David: Already Enough by Lisa Olivera

Author Chat with Rebecca Podos


What inspired you to write a fantasy rooted in Jewish folklore?

Most of my books begin with the theme of inheritance—the things passed down to you for

better or worse, and how you navigate that as a young person still trying to figure out who you are, and who you want to become. From Dust, a Flame started when I felt ready to tackle that question in relation to Judaism. And part of the inheritance of Judaism is its folklore, both the magic and the monsters. These stories are artifacts of culture and history and religion combined, and it was awesome to explore the history of the Jewish Quarter in Prague and rituals of Shabbat, right alongside rituals for protection against shedim and the creation of golems.


Which character in From Dust, A Flame did you really want to write more for?

I love the main trio—Hannah, who puts so much pressure on herself to be perfect, and Ari, who’s frustrated that the community she grew up in might love her, but is making it harder to become who she wants to be, and Gabe, who struggles to make the people around him happy while staying true to a self he doesn’t totally understand. But if I somehow got to do a sequel, it would be a Gabe book. He’s the best big brother, the true definition of a cinnamon roll, and you know, he’s got a golem.

Who inspired your reading as a kid?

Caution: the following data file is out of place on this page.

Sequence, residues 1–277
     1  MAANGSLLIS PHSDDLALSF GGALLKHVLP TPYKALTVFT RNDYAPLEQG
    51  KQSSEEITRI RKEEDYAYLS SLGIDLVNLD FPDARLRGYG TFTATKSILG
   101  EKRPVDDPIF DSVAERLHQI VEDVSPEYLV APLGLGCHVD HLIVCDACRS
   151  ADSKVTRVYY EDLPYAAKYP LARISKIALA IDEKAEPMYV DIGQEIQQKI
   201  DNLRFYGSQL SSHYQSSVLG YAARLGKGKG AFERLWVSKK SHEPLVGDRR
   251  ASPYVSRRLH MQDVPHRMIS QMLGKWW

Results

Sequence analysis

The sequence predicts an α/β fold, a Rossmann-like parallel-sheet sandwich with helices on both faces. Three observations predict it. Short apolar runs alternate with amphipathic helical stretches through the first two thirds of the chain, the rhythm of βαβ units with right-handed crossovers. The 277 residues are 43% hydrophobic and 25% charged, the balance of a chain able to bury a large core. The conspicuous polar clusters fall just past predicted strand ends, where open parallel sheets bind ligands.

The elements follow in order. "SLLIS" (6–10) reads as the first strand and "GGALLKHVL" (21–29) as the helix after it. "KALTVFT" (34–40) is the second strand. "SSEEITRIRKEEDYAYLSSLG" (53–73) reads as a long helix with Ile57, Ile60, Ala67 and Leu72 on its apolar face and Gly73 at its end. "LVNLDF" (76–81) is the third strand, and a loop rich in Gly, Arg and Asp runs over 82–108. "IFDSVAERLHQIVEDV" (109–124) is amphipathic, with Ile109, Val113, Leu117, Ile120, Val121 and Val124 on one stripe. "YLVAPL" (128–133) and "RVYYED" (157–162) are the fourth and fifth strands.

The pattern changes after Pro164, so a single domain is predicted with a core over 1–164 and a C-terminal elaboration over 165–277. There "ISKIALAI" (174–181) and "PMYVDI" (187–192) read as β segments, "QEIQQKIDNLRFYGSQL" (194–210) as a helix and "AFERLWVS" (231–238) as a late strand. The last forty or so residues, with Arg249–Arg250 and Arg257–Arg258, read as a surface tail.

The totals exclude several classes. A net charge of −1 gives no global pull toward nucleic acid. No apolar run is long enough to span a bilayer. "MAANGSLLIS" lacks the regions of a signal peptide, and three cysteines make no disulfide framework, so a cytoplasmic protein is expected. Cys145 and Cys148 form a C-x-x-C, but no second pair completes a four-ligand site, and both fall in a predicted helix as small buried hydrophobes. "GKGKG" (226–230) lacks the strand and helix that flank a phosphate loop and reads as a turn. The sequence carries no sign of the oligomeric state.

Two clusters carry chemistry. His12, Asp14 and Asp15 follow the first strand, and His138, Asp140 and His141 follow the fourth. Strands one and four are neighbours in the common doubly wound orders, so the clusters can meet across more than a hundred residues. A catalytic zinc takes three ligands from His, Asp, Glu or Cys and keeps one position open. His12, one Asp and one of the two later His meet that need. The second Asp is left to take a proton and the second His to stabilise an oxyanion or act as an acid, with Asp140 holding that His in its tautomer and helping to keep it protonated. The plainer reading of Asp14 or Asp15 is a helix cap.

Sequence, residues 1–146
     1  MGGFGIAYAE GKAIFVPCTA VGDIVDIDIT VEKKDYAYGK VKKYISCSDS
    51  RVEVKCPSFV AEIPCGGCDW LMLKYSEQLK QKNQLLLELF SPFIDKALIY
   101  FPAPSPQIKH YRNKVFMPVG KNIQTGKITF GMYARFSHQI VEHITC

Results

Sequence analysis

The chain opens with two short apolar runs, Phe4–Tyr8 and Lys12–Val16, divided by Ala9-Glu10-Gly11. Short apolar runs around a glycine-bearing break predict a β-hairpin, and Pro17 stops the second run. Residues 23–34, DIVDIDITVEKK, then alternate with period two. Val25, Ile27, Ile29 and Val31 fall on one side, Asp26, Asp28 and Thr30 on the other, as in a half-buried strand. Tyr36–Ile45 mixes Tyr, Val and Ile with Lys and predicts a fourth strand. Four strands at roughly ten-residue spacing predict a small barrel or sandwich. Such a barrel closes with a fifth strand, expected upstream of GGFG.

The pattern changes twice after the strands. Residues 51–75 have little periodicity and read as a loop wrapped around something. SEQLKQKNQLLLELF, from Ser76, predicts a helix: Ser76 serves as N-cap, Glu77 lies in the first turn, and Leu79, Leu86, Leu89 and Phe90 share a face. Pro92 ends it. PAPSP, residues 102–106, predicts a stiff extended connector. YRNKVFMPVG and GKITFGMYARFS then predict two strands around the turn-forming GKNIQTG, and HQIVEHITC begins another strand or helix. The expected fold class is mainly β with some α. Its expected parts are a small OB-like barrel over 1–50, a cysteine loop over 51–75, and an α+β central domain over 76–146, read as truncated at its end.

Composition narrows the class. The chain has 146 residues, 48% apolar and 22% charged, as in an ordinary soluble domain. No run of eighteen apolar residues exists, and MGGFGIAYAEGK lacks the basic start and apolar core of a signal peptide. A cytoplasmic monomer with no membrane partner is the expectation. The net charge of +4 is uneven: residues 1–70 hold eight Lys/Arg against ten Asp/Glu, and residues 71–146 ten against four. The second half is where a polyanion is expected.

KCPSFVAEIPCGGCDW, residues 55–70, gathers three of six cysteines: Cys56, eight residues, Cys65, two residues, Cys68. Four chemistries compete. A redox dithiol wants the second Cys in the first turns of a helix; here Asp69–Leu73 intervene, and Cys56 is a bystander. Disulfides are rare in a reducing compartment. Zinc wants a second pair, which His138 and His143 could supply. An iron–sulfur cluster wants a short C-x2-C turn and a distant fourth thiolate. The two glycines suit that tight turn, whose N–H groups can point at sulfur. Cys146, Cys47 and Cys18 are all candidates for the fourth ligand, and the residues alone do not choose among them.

I actually read a lot of Jewish books as a kid—my synagogue library was one the first places I went to pick my own books—though Jewish kidlit looked a lot different in the '90s. Lots of Holocaust books, and not a ton of diversity. I was also obsessed with the Redwall series by Brian Jacques. I think he was my first favorite author. But the first YA I read (before the genre was so huge) was the Tomorrow series by John Marsden, following a group of teens who have to survive in the Australian bush after their country is invaded, and who navigate complicated moral questions, grief, and trauma as they decide to fight back. As a teenager, I felt so respected by that series and the way Marsden wrote his teen heroes. Now, as an author, I don’t think it’s possible or advisable to write for teenagers if you don’t respect them.

What author do you always love to read?

I have a lot of auto-buy authors, whose books I’ll pick up before I even read the synopsis. At the top of the list for YA is Anna-Marie McLemore (When the Moon Was Ours, Wild Beauty, The Mirror Season), and for adult, Alyssa Cole (the Reluctant Royals series, When No One Is Watching)


What's the last book you read and/or loved?

This one isn’t out until summer, alas, but I just got to read Britney Lewis’s debut YA novel, The Undead Truth of Us, which is this gorgeously written, surreal coming-of-age story about grief, love, and also zombies. Definitely a story not-to-miss.

Books you keep recommending:

Well if you like or are intrigued by From Dust, A Flame, I’ve got a list of amazing Jewish fantasies and folktales to recommend! In YA, there’s Aden Polydoros’ The City Beautiful, Phoebe North’s Strange Creatures, and Katherine Locke’s Balloonmakers duology (also, make sure to catch their upcoming historical fantasy, This Rebel Heart). And in adult, I’ll always recommend Ava Reid’s The Wolf and the Woodsman, and Rena Rossner’s The Sisters of the Winter Wood.


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Hours: Monday-Tuesday 10-4, Wednesday-Friday 10-6, Saturday 10-4, closed Sunday